Thursday, June 5, 2008

Strong and free; but not smoke-free

I used to work for a living.

I had to earn the money it takes to raise a family; to keep a roof over their heads, and mine; to put food on the table and keep clothes on their back. And, I had to provide for those intangibles that make life worth living. Simple pleasures, like an annual outing to the CNE (Canadian National Exhibition), a picnic at High Park or just taking the kids out for burgers and fries at MacDonalds.

And, I had to provide for my own simple pleasures, to maintain my sanity in a world that often seemed mad and out of control. Among other things, I drank beer and I smoked cigarettes. I still like a cold beer now and then, with family and old friends, and I still smoke a pack a day.

I don’t work for a living anymore.

Oh, I still work; but it’s unpaid volunteer work. I don’t do it for any altruistic reasons, my motives are purely selfish. One of the things I learned on retiring was that I actually needed to work. Not for the money, although a little extra cash would be more than welcome, but for the personal satisfaction that comes from a job well done. It keeps the mind and soul intact; and, more than anything, it makes you feel useful.

Over the years, I’ve paid my share of taxes; income taxes, sales taxes, UIC, CPP, property taxes and a host of other, hidden taxes levied by money hungry governments at all levels.

Being both a drinker and smoker, I’ve also paid my fair share of sin taxes; extortion demanded by moralist do-gooders who profess to know what’s best for me and who insist I conform to their standards of morality and conduct. I ignore them . . . paying their sin taxes with only a mild grumbling. My dues have been paid up to date.

Over the past few decades, I’ve watched my tax dollars being handed out to organizations whose policies I oppose: the Non-Smokers Rights Association, Physicians for a Smoke-Free Canada, etc. I listened to their empty-headed rhetoric and dismissed it. I believe in freedom of choice.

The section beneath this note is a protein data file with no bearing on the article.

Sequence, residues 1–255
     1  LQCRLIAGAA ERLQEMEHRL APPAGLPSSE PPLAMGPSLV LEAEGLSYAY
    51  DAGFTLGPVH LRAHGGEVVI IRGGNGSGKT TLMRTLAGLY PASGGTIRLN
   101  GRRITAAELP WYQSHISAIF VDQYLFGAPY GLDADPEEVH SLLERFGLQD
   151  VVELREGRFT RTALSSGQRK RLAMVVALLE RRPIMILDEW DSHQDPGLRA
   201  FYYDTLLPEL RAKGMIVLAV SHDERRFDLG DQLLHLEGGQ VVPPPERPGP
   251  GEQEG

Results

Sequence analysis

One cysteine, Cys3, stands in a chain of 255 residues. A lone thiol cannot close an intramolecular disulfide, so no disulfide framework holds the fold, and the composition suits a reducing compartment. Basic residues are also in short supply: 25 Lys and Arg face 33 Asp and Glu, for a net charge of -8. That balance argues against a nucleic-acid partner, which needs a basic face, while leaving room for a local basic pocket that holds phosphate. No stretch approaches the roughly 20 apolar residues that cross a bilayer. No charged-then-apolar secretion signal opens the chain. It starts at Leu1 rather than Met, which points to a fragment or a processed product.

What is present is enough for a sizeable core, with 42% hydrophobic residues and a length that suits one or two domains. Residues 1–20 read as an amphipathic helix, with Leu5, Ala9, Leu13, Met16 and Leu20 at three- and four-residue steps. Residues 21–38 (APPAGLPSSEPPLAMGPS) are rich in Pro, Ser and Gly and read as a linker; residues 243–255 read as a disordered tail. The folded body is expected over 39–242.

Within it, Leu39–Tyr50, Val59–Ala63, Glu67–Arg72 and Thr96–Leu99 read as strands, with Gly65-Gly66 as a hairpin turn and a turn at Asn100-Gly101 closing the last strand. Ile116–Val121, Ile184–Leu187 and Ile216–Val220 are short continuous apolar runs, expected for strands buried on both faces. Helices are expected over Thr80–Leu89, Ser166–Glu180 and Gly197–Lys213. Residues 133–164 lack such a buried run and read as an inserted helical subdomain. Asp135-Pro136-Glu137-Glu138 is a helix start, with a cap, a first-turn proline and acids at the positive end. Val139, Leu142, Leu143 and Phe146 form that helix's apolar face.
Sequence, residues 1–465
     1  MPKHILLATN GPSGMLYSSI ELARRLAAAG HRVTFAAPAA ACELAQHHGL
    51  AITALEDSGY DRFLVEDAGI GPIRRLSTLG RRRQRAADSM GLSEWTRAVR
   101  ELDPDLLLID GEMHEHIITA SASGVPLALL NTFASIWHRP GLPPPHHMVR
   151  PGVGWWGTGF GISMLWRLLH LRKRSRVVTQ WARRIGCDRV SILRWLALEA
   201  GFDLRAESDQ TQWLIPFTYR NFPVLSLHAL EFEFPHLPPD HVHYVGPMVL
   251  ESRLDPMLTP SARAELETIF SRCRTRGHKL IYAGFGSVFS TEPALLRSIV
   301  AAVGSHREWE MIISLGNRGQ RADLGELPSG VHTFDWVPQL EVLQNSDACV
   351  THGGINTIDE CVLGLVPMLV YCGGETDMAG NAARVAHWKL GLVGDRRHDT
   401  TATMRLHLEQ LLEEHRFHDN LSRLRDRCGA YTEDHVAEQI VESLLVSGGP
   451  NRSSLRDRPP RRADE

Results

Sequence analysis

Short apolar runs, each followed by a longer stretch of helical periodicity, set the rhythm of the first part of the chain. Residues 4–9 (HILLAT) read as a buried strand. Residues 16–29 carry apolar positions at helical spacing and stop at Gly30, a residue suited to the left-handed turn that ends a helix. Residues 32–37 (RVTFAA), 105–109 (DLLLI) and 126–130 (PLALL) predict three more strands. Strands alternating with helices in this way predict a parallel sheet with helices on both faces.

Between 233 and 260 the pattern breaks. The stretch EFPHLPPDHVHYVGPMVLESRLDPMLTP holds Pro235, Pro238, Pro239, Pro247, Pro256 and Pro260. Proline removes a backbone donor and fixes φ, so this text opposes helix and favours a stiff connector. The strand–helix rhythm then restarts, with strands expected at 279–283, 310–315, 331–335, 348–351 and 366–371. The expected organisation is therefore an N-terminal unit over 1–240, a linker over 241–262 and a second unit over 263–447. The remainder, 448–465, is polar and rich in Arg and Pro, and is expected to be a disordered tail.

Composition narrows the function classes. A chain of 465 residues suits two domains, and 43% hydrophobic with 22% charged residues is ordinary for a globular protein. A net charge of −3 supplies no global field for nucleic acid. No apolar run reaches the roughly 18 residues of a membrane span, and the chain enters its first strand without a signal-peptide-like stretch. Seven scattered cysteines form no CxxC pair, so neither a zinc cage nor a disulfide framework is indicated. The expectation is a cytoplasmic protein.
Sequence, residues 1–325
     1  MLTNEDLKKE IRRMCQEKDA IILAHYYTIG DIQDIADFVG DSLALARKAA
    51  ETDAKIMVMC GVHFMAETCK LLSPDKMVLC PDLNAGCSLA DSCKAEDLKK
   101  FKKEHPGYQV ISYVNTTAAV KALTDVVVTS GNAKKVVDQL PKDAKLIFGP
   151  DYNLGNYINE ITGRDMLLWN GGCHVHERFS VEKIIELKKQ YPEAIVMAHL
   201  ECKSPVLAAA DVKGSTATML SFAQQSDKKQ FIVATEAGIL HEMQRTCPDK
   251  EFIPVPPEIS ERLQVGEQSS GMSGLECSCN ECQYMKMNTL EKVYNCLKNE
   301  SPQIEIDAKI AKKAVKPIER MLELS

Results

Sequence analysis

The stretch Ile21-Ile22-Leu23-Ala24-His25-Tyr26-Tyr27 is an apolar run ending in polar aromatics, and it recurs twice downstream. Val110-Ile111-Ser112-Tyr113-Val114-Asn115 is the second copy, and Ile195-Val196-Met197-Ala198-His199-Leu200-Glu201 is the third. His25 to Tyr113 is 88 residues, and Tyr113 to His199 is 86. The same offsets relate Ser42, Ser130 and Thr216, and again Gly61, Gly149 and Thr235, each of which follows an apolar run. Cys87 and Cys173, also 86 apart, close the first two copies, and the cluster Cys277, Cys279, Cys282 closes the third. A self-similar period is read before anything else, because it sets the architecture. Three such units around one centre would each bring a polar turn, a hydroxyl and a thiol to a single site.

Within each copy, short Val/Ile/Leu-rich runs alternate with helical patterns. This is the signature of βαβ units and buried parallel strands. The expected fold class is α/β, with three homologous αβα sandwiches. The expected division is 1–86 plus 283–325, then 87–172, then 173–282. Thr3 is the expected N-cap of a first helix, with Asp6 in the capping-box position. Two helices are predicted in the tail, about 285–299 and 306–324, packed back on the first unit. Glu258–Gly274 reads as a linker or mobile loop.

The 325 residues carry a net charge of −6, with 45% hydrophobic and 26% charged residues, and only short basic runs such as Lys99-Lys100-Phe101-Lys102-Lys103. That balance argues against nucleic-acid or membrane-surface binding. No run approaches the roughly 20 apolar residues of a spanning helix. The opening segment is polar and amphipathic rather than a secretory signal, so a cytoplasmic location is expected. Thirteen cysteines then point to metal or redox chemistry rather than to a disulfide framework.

Now, these same organizations, funded in whole or in part by my tax dollars, have launched a campaign to de-normalize smokers. On the basis of corrupt science and suspect statistics, smokers are being vilified, ostracized from polite society and openly discriminated against. Anti-smoker campaigns have become nothing less than state funded propaganda; de-normalization nothing less than state sanctioned bigotry.

I suspect that many non-smokers recognize the lies. How can they possibly believe that a society which could put a man on the moon is incapable of designing a ventilation system to clear cigarette smoke from a bar or legion hall? How can they possibly accept the lunacy of denying an individual a job because he/she smokes in the privacy of their own home? Do they honestly believe their parents were child abusers because they may have smoked in their presence as children?

Many people appreciate that the secondhand smoke scare is largely a hoax generated by petty dictators to force smokers to quit. Many more understand the dangers of allowing a vocal minority to impose their moral standards on society. Most recognize that freedom includes the right to make one’s own life style choices; their own decisions, good or bad.

When will they cry: “Enough”?

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